More than 60 guns were handed in at Crawley police station during a weapons amnesty.
Between November 10 and 21, the station took part in a nationwide operation co-ordinated by the National Ballistics Intelligence Service (NABIS) to get weapons off the streets.
During that time eight air weapons, three pistols, three revolvers and four rifles were taken to the station in Woodfield Road. In addition, 45 shot guns were handed in – just short of half the total for the entire county.
When asked what concerns she had about the numbers of that particular weapon being so high in Crawley, Chief Inspector Justina Beeken stressed gun crime was “not a problem” in the town – and that the huge majority of the weapons handed over had come from one person.
She added: “Crimes involving firearms are extremely rare in Crawley, as they are across the rest of Sussex.
“We’re delighted that so many weapons have been handed in during the surrender which shows that our message has got through to the public that the safest place for firearms to be kept is with us.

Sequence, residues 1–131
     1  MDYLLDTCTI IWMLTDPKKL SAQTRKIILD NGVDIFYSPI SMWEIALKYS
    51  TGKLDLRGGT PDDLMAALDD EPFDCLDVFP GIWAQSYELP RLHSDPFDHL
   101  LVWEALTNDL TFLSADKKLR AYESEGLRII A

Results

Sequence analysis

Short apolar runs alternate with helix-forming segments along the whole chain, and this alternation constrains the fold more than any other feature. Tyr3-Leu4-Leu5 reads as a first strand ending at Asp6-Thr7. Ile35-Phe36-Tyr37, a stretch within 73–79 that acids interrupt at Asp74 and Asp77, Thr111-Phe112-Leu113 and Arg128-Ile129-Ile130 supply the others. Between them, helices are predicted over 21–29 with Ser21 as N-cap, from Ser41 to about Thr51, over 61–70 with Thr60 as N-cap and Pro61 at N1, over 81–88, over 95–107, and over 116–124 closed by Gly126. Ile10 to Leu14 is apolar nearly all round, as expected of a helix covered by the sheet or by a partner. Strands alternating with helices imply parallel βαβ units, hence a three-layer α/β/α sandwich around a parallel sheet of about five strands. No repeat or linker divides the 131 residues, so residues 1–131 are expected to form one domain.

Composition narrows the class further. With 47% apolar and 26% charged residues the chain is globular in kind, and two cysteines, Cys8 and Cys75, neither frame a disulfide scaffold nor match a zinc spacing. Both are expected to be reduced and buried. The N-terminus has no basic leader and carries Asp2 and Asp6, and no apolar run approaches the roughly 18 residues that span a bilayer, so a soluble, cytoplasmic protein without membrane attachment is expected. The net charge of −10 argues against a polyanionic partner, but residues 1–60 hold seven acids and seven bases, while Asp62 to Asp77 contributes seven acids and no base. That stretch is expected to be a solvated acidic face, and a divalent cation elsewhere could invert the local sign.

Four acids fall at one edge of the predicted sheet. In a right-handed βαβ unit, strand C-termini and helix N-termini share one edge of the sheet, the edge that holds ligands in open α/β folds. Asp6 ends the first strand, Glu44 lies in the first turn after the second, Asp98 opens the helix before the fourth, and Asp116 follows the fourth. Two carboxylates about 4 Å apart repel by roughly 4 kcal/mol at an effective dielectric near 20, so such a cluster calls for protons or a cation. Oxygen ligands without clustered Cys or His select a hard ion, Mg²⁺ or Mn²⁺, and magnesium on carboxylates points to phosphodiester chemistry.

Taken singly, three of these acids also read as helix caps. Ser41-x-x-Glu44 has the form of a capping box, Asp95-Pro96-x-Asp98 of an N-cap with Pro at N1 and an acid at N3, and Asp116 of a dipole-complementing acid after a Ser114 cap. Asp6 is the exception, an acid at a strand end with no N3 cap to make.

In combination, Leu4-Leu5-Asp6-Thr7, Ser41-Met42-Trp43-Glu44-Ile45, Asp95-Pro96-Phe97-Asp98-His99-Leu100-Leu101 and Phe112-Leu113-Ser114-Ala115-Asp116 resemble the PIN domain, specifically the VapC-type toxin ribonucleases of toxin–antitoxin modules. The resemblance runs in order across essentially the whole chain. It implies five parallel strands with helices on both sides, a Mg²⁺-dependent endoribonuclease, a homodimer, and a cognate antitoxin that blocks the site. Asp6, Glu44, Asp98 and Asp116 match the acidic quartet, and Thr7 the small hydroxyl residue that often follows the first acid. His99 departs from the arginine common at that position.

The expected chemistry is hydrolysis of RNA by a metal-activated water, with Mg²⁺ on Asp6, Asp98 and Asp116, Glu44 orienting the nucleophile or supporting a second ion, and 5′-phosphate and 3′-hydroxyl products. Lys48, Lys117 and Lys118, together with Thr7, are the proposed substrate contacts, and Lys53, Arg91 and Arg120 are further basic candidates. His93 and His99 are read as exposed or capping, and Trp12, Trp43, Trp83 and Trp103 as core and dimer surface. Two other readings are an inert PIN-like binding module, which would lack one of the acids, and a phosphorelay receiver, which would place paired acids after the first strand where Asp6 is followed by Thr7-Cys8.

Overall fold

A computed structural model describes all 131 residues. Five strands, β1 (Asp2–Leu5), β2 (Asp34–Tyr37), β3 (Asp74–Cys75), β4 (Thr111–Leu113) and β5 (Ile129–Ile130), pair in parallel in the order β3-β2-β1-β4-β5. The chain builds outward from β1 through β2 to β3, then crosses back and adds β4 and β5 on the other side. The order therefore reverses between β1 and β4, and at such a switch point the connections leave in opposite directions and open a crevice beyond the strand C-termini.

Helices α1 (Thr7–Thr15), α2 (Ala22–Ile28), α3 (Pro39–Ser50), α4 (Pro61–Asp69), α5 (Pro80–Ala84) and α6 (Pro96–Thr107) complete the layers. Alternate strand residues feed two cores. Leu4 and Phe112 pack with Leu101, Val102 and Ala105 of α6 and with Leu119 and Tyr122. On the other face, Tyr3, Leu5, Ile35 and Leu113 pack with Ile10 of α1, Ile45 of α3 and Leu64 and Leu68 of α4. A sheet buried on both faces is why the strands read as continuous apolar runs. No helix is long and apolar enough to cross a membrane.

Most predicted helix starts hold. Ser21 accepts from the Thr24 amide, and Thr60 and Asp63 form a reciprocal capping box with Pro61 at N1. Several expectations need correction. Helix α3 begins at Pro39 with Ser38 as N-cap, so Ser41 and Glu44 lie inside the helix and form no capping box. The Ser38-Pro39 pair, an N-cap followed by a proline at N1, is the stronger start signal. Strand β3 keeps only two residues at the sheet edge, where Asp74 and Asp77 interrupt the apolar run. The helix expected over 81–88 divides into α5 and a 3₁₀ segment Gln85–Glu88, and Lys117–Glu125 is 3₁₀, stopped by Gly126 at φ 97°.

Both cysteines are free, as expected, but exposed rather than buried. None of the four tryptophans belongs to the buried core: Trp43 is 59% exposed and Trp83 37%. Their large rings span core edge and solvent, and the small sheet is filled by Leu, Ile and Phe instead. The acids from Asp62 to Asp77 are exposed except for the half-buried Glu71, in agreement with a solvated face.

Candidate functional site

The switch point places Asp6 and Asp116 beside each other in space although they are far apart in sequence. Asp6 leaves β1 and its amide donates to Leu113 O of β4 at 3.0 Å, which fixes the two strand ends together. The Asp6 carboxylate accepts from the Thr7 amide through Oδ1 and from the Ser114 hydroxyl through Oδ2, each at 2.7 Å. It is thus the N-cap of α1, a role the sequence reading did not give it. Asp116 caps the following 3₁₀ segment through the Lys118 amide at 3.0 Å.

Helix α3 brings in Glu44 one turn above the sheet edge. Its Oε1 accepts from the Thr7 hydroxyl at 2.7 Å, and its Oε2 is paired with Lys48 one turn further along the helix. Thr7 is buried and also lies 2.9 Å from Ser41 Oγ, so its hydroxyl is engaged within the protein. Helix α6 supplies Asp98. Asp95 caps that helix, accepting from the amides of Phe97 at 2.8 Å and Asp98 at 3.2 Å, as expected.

“Although the breakdown by station suggests an issue in Crawley, it should be said that more than 51 of the 63 firearms surrendered in the district came from one licensed dealer who contacted us to dispose of a large number of weapons and made an appointment to bring them to the station.
“The other items included a gun brought back from the Second World War as a souvenir, part of an antique rifle, an airgun and a starter pistol.
“Gun crime is not a problem in Crawley but we would continue to encourage anyone who does have a firearm and who wants to get rid of it to contact us so that we can prevent any potentially dangerous weapons falling into the hands of criminals.”
The weapons amnesty was held across Sussex and Surrey and saw more than 300 weapons and thousands of bullets handed to police.
It was launched after new legislation, which came into effect in July, increased the maximum jail term for illegal gun possession from 10 years to life. The amnesty allowed those whose licence had lapsed or who did not hold a license to dispose of their weapons and ammunition safely and without prosecution.
Chief Superintendent Paul Morrison, the head of operations command across both forces, said: “I am grateful to all those who handed in firearms and ammunition. They have helped us make Sussex and Surrey even safer by reducing the chance of criminals getting their hands on weapons.”